Sunday, January 27, 2013

Goto Kind of Day

It’s a goto kind of day. By that I mean I’m indoors. Let me further qualify that. Apart from the occasional heavy lifting (move the washing machine on higher ground and keep it above water, for example) it’s the sort of day you’re stuck in the house. It’s an opportune time to get back into blogging. It’s nearly 10 months since my last post after all.

Queensland is experiencing another major summer storm right this very moment. It been raining non-stop for a week now. People are on the edge but hopeful the events of 2011 won’t be repeated.  We’re pretty blessed to be near the top of the hill but still a sudden surge of water causes our basement to flood.

Goto is the Tagalog word for tripe. It is also the street name for the Pinoy tripe congee (rice porridge with tripe). It’s perfect for a day like today...for me anyway.

I realise that not everyone is a fan of tripe. It’s probably safe to assume that there are lots more haters than lovers of this divisive ingredient. It’s synonymous to rubbish in the English language for a reason.

No matter how much you try tripe is tripe. It will never taste like chicken. But everybody loves chicken. To get around the dilemma of being the solo tripe lover in my household I make a chicken arroz caldo (chicken rice porridge) as a base for my goto. The goto then becomes more like a side dish/a topping/a condiment rather than being the main event....everybody happy.

The recipe below is basically how to make chicken congee and a side dish of tripe.

There are at least 3 types of tripe I’m aware of. There’s the ‘honeycomb’, the ‘towel’ and the ‘book’ descriptive of how they each look like. Be mindful of what you buy as it would determine how long you’re going to cook it for. I used the ‘towel’ for this dish. It’s meatier than the ‘book’ and texturally better than the ‘honeycomb’.

I highly recommend using a pressure cooker (for the tripe – to at least halve the cooking time) and a thick based pot (for the porridge – to avoid sticking to the bottom) for this dish.

I usually make my congee as basic as possible. I allow the diner to finish the dish by dressing it up to suit his/her taste. Apart from goto there are plenty of other additions to the Pinoy congee:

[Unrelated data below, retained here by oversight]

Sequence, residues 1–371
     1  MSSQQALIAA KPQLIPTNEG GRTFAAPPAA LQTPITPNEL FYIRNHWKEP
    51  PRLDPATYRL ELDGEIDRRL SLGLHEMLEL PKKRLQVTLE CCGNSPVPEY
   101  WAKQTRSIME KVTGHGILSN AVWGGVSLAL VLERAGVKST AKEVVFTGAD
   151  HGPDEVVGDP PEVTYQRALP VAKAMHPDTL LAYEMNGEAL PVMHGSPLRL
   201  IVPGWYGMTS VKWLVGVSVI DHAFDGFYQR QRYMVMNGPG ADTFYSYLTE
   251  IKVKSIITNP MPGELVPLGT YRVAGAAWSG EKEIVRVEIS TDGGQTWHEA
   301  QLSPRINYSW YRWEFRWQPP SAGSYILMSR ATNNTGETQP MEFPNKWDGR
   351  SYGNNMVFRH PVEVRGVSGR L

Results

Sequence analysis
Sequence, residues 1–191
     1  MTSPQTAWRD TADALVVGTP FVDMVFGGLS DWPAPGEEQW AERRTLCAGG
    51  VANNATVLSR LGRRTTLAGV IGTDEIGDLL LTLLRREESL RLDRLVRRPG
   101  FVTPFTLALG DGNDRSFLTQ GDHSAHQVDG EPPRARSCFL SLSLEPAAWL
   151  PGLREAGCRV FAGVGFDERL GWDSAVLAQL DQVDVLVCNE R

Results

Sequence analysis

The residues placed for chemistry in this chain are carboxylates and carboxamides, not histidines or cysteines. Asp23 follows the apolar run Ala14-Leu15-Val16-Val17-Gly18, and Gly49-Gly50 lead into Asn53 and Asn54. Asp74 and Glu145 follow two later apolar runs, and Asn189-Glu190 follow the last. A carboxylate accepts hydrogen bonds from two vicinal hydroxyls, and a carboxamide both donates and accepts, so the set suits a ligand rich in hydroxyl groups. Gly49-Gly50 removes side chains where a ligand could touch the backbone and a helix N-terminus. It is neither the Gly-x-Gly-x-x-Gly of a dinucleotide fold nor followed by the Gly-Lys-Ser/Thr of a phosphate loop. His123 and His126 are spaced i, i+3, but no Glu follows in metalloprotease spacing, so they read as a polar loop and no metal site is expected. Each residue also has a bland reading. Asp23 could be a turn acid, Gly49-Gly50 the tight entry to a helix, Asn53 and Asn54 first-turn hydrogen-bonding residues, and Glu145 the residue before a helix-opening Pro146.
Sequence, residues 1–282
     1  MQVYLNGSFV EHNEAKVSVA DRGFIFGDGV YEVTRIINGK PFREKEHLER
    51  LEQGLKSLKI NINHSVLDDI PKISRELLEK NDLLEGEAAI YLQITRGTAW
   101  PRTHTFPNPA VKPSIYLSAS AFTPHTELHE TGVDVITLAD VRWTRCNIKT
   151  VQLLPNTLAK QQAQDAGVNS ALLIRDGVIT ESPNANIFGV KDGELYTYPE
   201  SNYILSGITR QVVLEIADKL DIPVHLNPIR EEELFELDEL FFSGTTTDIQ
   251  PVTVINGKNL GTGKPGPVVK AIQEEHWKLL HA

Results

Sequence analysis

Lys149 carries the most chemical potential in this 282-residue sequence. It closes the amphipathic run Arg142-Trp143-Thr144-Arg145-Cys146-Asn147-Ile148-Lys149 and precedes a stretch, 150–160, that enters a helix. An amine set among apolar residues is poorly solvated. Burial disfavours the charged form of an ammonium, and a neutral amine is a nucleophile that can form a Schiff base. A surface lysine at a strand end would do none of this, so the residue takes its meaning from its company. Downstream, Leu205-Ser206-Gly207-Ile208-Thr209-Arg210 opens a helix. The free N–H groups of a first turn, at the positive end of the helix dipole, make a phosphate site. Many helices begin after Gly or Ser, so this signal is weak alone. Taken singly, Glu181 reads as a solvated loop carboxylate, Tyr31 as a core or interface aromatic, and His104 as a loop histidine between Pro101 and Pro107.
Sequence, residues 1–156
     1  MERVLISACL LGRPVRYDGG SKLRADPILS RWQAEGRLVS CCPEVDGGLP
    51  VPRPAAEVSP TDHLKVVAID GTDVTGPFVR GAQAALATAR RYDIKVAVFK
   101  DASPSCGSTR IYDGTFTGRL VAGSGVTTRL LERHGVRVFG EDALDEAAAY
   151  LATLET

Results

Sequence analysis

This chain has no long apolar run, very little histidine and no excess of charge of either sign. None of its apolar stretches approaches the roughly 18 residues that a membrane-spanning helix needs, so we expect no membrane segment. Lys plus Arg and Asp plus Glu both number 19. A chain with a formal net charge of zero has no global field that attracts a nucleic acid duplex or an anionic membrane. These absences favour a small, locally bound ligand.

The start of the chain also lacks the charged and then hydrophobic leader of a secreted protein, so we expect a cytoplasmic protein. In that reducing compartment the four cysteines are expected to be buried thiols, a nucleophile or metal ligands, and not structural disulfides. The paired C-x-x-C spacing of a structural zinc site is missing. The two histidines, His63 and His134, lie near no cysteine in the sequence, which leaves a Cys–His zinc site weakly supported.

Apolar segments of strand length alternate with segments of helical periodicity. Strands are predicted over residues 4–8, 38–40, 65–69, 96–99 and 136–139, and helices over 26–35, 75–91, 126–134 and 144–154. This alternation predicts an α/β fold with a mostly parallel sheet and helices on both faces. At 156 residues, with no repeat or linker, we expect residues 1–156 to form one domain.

Tokwa’t baboy (deep fried tofu and pork)
Chicharon (deep fried pork rind)
Egg (hard boiled or soft boiled or even fresh)
Century egg
Spring onions
Cooked garlic in oil
Fish sauce
Soy sauce
White pepper/black pepper
And a lot more…

The possibilities are limitless (almost).

Chicken Congee ala Beancounter
2 cups of jasmine rice
1 teaspoon salt
Slivers of ginger
2-3 cloves of garlic chopped
1 medium sized onion chopped
1 dozen chicken wingettes
Peanut oil
At least 6 cups of Chicken stock (more if you want thinner congee)
1. First wash the rice. Mix in the salt and about 1 tablespoon of oil after washing. Straing to get rid of excess water. From experience this helps in breaking down the rice quicker to reach my preferred consistency.
2. In a large stockpot with a thick base (this prevents the rice from sticking and burning quickly) heat up a bit of oil.
3. Sauté the ginger first then the garlic and then the onion.
4. Add the chicken and cook for about 3 minutes.
5. Add the rice and stir continuously for about 2 minutes. (If the base of your pot is not thick enough the rice will be sticking to the bottom like crazy. So invest in good pots and pans.)
6. Add half the stock. You’ll notice that as the rice cooks it will absorb the stock. You’ll need to keep adding more stock to achieve the consistency that you like. The rice will soon have enough and will start breaking down. I like my congee almost soup like not overcooked rice. There’s nothing worse than congee with still recognisable rice grains
7. Serve steaming hot with your preferred condiments and the goto of course!

500g tripe (towel/blanket)
Slivers of ginger
2-3 cloves of garlic chopped
1 medium sized onion chopped
Black pepper to taste
Fish sauce to taste
Peanut oil
1. Heat up a bit of oil using a a pressure cooker.
2. Sauté the ginger first then the garlic and then the onion.
3. Add the tripe and cook for a couple of minutes. Add fish sauce and black pepper to taste.
4. Add just enough water to cover the tripe. Pressure cook for about half an hour.
5. Set aside while you finish off cooking the congee.